Celtics Planning To Exact Revenge on Murray Tonight in Denver
DENVER - Brad Stevens preaches to his team to have a short memory – to concentrate on today. Well, the Celtics are concentrating on today, but a memory from slightly more than a year ago is also burning inside of them.
The jarring memory was planted into the minds of Boston’s holdovers from last season on Nov. 5, 2018. The Celtics were in Denver for a showdown with the Nuggets, as they are today, and Jamal Murray torched them for a career-high 48 points.
The point total was upsetting enough to Boston’s prideful perimeter defenders, but what pushed the circumstances over the top was Murray’s on-court antics, which featured a last-second shot from beyond the arc – with Denver’s victory already sealed – in an attempt to break the 50-point barrier.
“The game is over,” Jaylen Brown said that night. “Dude had a hell of a night. I felt like it was a little disrespectful.”
That feeling of disrespect does not appear to have waned over the last 54 weeks.
Shortly after Brown sat down at his locker Friday morning at the Pepsi Center ahead of Boston’s shootaround, he discussed the lingering memory of that night.
“For sure, I remember stuff like that, for sure,” he said. “He wasn’t necessarily my matchup last time we played him, but still, when a guy scores 50 points or whatever, that’s something you remember.”
When questioned about the same topic, Marcus Smart, who will be one of Murray’s primary defenders tonight, said the following after letting loose an irritated laugh.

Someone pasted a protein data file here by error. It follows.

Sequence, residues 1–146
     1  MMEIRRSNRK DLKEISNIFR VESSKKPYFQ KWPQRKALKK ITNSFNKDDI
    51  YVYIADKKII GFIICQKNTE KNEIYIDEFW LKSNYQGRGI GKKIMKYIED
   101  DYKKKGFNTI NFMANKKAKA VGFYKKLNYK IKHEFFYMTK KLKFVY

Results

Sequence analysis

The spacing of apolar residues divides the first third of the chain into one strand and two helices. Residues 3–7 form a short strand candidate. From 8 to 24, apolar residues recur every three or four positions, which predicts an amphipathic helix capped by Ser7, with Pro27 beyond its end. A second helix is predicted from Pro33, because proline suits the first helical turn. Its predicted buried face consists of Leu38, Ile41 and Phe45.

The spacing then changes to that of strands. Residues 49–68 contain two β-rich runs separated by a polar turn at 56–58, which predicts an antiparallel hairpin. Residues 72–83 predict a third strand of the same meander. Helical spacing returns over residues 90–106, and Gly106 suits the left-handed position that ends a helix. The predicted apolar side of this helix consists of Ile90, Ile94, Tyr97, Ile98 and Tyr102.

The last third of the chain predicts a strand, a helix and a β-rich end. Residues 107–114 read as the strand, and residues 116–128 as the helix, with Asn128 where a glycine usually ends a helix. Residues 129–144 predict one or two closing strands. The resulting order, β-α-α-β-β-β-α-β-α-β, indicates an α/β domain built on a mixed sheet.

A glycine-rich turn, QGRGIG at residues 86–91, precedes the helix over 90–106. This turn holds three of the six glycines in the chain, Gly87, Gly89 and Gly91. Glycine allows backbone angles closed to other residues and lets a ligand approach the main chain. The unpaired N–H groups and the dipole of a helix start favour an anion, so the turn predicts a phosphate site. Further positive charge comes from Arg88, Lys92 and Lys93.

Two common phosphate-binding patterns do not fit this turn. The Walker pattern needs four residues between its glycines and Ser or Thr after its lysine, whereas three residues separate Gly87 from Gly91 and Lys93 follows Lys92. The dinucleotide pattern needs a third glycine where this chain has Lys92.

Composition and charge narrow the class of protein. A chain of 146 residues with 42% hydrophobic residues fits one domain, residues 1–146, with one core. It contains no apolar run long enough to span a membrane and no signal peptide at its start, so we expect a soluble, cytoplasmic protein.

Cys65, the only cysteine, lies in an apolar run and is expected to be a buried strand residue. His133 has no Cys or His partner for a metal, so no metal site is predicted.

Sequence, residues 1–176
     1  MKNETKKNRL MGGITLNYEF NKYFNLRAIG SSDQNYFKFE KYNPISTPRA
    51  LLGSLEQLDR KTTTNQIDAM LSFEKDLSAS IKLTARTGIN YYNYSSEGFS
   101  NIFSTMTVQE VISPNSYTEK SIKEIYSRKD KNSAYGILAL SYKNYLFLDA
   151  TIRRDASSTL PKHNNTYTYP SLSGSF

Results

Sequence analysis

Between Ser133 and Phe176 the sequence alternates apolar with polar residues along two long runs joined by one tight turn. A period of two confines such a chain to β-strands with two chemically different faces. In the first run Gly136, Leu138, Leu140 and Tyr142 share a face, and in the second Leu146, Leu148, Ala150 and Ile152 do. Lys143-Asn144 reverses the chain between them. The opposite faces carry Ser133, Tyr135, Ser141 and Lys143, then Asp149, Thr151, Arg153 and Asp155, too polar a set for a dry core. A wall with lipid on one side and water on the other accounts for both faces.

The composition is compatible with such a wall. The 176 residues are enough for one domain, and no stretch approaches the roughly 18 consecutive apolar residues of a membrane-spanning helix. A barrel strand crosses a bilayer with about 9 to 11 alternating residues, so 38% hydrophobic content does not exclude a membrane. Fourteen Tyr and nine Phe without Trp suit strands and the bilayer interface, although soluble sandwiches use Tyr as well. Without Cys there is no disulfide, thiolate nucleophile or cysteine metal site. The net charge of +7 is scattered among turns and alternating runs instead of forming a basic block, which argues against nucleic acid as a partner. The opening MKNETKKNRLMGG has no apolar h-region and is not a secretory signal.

“We all know how we feel about that,” Smart replied. “It’ll be a good game. That’s all I gotta say.”
It remains quite clear that Smart, Brown and the rest of the holdovers from last season’s roster are still bothered by Murray’s point total and his last-second shot attempt. However, as Brown commented, he and the Celtics can’t let that memory take them off track from their ultimate goal.
“We want to come out and make sure we get the win first,” he said. “Don’t make any personal battles bigger than what the objective is, but also we want him to feel us.”
To that end, Brown believes that he and the Celtics are in a far better position to slow down a player like Murray. Boston ranks sixth in the league in defensive rating this season – the exact same rank it did last season – yet in Brown’s mind, this defense is far more dangerous.
“I think defensively, we’re a different team than we were last year,” he said.
Pressed to explain how the C’s defense is different, he added, “I think we’re more connected. We’re more resilient. I think if somebody scores a basket, we don’t drop our head or anything.”
A big part of that defensive mentality comes from Smart, whom Brown called “an animal” Friday morning. Smart expounded on that animal-like mindset, and how it will apply to tonight’s matchup with Murray and the Nuggets.
“The way I think, it’s like we’re in the jungle,” he said. “When a lion is ready to own his territory or take over his territory, he comes right at you full-throttle, and nine times out of 10 you don’t escape those attacks.”
He continued, “With me, it’s that mentality, that when it’s time for me to own my territory, it’s time to take over somebody else’s territory, I pounce and I attack, and there’s no looking back on that.”
Smart and the Celtics will be ready to pounce once the ball is tossed up tonight. They’re concentrating on today, while vividly remembering what happened here in Denver more than a year ago.